Picnic lunch! We ended up in the car due to potential storms
Sprague Lake Pano!
On the way down the canyon I pulled over at a pull-off to let a speedy driver pass, and David snapped this pretty picture of a fly fisher in the Big Thompson River. Overall, it was a great couple of days in Estes Park and RMNP with some really beautiful hikes and time well spent outdoors.
We decided to take a couple days on this trip to spend in Estes Park/RMNP so we could do a couple of hikes and relax in the town at night. We arrived Sunday and decided to try a new hike for the both of us. Originally, we were looking at a hike on the west side of the park, Cascade Falls, but it took about an hour and a half to get their from the Beaver Meadows entrance, so we opted for a bit of a closer trail. We chose Cub Lake, and loved it! In total it was a little under 7 miles of hiking. We started out on a trail that led us through a field with a beautiful view of the snowcapped mountains, along with a herd of elk grazing in the field. We paused for a few minutes to watch the elk as they grazed, it was really neat. We continued on to a beautiful hike that led to Cub Lake, which was an awesome spot to stop and snack. While snacking, an we saw an elk “hiking” on the trail as well. After our break, we opted to elongate the hike and to do the Fern Lake loop, which turned out to be a great choice. We were definitely pretty pooped at the end of the hike, but there were so many beautiful views and different scenery along this hike. I would highly recommend it! There are certainly some up hill sections, but the elevation gain is under 1000 ft and it’s not considered a “summit” hike, so there are more flat sections and downhill than there is uphill.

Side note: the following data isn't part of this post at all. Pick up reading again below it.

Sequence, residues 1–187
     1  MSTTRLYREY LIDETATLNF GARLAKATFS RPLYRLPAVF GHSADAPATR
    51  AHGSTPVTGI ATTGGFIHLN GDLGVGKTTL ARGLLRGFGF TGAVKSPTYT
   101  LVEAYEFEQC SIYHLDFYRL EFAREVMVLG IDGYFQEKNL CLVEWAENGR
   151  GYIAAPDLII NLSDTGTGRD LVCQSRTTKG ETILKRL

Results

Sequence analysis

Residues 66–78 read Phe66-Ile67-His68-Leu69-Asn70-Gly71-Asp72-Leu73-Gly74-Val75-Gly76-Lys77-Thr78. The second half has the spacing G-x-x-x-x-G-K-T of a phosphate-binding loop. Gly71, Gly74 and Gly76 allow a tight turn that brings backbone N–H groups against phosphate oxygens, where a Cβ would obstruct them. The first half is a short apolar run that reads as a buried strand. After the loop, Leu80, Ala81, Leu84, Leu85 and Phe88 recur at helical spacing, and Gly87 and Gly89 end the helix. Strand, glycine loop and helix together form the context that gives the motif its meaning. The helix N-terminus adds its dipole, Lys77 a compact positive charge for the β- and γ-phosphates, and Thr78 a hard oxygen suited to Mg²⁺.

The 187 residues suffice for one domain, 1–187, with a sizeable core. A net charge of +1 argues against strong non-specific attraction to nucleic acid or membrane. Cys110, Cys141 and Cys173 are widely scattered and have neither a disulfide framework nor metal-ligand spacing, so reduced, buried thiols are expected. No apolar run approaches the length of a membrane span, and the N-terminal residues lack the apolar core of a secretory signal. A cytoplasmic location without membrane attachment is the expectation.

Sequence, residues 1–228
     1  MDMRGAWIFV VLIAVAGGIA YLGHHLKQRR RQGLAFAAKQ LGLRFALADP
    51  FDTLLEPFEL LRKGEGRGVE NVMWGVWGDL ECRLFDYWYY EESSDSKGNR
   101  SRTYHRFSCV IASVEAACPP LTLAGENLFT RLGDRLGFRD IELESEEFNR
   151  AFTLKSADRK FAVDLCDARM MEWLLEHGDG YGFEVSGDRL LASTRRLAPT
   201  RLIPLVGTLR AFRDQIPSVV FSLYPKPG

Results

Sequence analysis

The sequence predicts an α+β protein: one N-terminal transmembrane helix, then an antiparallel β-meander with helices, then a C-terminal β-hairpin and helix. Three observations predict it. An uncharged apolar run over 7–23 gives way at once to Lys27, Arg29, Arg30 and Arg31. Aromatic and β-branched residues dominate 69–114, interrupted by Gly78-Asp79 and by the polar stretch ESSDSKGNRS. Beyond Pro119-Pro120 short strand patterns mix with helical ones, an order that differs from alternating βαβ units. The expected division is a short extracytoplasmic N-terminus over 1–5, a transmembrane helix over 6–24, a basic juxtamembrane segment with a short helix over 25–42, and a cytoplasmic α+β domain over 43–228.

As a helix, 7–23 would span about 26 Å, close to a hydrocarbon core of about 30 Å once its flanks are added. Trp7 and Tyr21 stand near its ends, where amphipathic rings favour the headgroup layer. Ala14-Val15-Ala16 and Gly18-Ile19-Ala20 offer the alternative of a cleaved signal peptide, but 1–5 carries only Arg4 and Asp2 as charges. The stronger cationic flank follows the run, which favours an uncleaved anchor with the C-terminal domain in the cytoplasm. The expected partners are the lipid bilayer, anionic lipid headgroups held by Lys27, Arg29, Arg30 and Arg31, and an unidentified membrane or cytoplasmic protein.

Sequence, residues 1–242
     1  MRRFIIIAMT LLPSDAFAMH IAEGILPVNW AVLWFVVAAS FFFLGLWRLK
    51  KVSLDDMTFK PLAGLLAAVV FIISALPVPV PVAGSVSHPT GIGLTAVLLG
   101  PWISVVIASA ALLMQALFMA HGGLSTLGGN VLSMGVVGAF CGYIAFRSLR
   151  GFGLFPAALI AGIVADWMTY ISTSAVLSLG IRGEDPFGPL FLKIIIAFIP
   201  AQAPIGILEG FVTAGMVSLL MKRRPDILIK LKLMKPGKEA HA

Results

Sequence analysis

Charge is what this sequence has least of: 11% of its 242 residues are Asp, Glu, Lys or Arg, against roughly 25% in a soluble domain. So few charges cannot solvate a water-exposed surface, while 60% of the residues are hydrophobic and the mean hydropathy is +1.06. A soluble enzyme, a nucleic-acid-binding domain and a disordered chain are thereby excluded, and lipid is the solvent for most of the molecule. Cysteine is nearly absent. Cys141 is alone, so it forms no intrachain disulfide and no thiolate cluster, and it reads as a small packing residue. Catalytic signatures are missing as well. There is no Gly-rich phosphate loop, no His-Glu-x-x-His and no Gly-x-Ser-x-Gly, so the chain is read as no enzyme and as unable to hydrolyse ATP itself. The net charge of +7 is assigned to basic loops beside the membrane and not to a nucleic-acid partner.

The beginning of the hike
All of the elk
Big Thompson River
a watery trail
Elk sighting at our snack spot!
After the hike, I told David about how cool the Alpine Visitor Center was, and the stairs up to the overlook there. So, we decided to drive up there. Forgetting how much I hate heights, I started the drive, but about twenty minutes in I panicked and pulled over so David could drive. When we got to the center, I realized that I had forgotten about how much snow is still there (duh, they JUST reopened the road a couple of days ago), so the stairs up were closed and all of the cool overlook sections were also roped off. We got there just in time to pick up a few snacks at the visitor center before it closed, and then we drove back down, stopping at some of the overlooks to take in the views.
We stayed the night at an inn in Estes Park, Maxwell Inn, which is located right off of the main road. I also highly recommend this inn. They have cute, clean rooms, and great people working there (with tasty dinner recommendations). We went to Wapiti Colorado Pub and ate burgers (elk & veggie) and drank some tasty Colorado beer, then walked along the river back to the inn after some ice cream. We watched the Cavs lose game two of the finals, and fell asleep, tired from the hike.
Estes at night
Distance: 5.4 miles
Trail Surface: Natural/dirt
Time: About 3 hours
Land: County natural space, pass required
Elevation Gain: 1,761 feet